Day 2 of our Food Adventures in NYC was not a particularly fun one… especially in the morning. First stop for us was the Greenmarket in Union Square. The weather forecast had predicted a large snow storm which never materialized. This was both good and bad. It was good in the sense that we did not have to trudge around NYC in a foot of snow, it was bad in the sense that only four vendors showed up for the Farmers Market in Union Square on Monday. So, the first hour of our day was not too exciting as we were able to visit all of the vendors in about 15-20 minutes.
Luckily, this gave a few of us the opportunity to step inside to grab a bite to eat (and to warm up – it was SO cold!). With this quick bit of down time, a few of us ventured into Pret A Manger for breakfast. I have to say, I was happy to find a reasonable priced breakfast and I loved their decor:
At 8:30, we had a few women that help organize the Greenmarket come speak to us. While it was interesting to learn all about the Greenmarket, how it was started and how it has grown – it was hard to listen since we were all freezing our tails off!!
After our conversation at the Green Market, we headed over to Whole Foods at the end of the square. And our group was definitely ready to move! We had been standing around in our business suits in the cold for about an hour and a half – and I know I could no longer feel my toes at that point!
Our visit to Whole Foods was the first in-person encounter that I’ve ever had with this grocery chain. I have to admit that I was totally impressed with their food merchandizing and marketing techniques, but after talking with the store manager I must admit that I was frustrated with Whole Foods policies in food purchasing and procurement. I believe that Whole Foods has taken some hard stances in the sorts of production practices that the chain believes is best without considering the larger picture of economics and social issues that we have in this country.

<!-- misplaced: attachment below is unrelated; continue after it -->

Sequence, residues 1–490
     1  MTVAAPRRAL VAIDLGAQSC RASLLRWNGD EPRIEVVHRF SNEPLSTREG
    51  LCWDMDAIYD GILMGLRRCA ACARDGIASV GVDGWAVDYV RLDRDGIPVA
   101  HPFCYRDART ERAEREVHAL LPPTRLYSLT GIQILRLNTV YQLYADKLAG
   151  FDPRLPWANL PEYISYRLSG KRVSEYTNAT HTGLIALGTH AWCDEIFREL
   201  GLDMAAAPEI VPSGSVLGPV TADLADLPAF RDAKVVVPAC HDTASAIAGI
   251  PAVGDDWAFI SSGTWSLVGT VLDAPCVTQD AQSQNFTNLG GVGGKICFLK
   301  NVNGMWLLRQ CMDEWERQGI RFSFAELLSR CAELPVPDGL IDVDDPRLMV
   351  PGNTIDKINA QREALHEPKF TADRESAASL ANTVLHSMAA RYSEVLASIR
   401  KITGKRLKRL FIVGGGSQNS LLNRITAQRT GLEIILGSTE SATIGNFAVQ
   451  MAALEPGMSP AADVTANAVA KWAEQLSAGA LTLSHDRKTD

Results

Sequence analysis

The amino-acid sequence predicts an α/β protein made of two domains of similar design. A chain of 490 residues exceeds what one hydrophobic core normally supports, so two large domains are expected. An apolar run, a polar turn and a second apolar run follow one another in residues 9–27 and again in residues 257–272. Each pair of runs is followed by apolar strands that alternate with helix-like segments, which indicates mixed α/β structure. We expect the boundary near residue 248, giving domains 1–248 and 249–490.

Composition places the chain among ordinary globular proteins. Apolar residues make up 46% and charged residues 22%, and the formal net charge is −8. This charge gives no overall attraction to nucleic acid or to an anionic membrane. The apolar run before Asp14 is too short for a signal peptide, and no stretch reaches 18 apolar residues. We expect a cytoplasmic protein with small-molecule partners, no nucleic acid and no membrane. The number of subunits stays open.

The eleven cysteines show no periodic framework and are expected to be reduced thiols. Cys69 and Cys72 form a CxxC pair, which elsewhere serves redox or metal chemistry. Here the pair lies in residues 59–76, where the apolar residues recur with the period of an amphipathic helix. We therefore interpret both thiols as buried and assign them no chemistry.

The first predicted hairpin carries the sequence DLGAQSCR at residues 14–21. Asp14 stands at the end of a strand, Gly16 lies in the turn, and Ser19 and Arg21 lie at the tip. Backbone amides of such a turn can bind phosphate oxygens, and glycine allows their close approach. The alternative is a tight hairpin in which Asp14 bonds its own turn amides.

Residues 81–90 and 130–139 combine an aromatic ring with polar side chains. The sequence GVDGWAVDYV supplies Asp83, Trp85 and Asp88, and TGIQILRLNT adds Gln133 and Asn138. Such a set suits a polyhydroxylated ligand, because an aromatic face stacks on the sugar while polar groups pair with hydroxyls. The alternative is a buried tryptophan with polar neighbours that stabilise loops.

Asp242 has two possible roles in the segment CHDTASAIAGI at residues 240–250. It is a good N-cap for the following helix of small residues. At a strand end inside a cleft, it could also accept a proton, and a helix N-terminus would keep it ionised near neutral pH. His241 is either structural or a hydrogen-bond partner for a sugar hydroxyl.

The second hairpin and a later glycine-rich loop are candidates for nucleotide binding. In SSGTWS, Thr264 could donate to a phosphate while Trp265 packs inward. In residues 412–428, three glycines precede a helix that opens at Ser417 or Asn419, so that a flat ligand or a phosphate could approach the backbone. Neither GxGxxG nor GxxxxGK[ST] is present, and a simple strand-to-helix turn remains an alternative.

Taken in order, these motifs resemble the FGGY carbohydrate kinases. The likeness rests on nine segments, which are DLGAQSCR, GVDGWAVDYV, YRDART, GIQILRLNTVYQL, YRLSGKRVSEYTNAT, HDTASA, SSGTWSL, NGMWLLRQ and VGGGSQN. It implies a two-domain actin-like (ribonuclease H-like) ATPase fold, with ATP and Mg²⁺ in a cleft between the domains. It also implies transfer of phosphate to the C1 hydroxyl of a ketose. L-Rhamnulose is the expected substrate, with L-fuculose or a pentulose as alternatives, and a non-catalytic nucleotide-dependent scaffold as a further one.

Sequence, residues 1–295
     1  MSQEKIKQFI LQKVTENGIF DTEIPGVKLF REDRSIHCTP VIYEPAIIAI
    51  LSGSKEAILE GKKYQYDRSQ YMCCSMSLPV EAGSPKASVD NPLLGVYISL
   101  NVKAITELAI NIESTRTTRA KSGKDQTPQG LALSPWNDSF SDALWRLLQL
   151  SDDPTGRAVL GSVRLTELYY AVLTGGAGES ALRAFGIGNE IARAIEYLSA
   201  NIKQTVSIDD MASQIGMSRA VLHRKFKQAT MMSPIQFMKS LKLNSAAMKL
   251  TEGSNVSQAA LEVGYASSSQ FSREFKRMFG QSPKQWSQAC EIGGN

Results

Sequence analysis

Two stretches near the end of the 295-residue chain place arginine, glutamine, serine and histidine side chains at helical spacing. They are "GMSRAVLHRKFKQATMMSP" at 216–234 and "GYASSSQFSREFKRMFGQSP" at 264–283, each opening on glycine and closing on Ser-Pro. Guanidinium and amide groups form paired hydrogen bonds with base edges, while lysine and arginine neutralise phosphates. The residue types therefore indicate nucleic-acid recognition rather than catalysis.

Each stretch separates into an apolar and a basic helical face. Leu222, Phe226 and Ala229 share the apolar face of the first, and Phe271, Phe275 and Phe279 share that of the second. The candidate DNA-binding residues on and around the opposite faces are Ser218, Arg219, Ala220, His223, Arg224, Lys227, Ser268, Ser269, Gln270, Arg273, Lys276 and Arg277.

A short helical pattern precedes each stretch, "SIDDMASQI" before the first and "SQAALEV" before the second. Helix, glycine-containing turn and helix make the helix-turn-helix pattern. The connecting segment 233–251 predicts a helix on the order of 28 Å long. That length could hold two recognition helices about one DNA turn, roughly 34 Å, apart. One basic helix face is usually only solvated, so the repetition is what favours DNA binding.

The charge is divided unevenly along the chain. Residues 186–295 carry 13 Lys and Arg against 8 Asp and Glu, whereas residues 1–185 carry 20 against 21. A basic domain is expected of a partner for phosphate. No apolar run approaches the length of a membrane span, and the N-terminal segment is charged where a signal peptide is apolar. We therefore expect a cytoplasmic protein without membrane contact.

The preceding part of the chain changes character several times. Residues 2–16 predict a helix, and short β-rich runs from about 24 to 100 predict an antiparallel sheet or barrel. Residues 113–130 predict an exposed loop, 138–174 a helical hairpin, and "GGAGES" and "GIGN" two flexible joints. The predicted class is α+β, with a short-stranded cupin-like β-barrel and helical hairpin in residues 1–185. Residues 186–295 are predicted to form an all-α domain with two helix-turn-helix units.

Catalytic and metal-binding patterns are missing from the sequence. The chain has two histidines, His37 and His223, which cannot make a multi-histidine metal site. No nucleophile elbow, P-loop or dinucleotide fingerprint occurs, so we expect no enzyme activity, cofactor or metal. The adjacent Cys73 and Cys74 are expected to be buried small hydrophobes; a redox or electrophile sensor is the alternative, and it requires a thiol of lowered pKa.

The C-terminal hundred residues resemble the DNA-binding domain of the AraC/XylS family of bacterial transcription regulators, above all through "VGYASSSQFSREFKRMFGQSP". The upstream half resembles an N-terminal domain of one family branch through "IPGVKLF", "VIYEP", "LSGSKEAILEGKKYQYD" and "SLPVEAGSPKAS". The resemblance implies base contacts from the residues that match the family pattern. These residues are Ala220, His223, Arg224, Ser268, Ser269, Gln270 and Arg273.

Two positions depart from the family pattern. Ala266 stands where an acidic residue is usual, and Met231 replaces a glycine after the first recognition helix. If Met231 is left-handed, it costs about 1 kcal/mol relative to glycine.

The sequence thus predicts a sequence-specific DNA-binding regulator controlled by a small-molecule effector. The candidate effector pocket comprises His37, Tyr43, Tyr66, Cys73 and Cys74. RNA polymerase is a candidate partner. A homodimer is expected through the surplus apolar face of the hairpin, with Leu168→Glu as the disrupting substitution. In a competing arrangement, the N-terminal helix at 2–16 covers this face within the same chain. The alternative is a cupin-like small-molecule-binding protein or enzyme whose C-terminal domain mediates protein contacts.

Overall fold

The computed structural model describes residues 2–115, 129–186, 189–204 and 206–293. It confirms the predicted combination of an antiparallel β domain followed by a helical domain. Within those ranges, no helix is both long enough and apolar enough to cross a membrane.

Whole Foods produce merchandising:
The seafood department:
Impressive marketing right?! I have to give them that credit. The displays did draw me in, however I still don’t love what Whole Foods stands for. I know, this may surprise and shock most consumers, but I guess that’s what happens when you have different perspectives on things right? The great part of America is that we all (for the most part) have the choice to buy and consume what we want.
Whole Foods touts organic and sustainable farming practices, but I did notice that most of the products that were being offered had traveled many miles to arrive at the store. Not super sustainable in my opinion so as someone that grew up on a farm and still works in food, it is frustrating to watch companies use some of the buzz words and consumer concerns related to food production to increase their own profits.
After our visit at Whole Foods, our crew headed to Wall Street for the financial portion of our program. We spent the afternoon considering some of the financial implications related to food on both a National as well as an International scope. As the population in the world continues to grow, the world has an increasing challenge to feed the population, and to feed the demands of those experiencing a growth in their household incomes.
Simply look at the U.S., we rely on the 2% of people associated with Agriculture to feed the other 98%. If we look at those actually living and working on farms (1%), it’s amazing to consider the fact that we have ample food in the U.S. (Although we still have a hunger issue here in America, with 1 in 6 people experiencing food insecurity.)
And this would only represent the U.S. model. Sometimes I become overwhelmed thinking of what may happen as the population continues to grow in places such as Africa, and as incomes continue to rise in India and China thereby increasing food demand in those regions. We will all have to work together to feed everyone. The population boom (a total population of 9 billion people) expected by 2050 has been predicted to need the world to produce 100% more food – and most of our available crop land is already in use. A scary proposition at best. (Sources: UN, FAO, see links)
A few shots of Wall Street:
After our afternoon on Wall Street, our group went to a restaurant near our hotel: The Marshall located in Hell’s Kitchen. The reason for this restaurant selection was that it provided an example of a farm-to-fork restaurant in NYC.
More and more of these restaurants have grown as farmers have worked on connecting with restaurants and retailers in the city to provide a source of local foods. I think this is a fantastic movement and great for those who can take advantage of connecting the consumers to their food sources for better understanding of how food moves from farm to the store or from the farm to the table.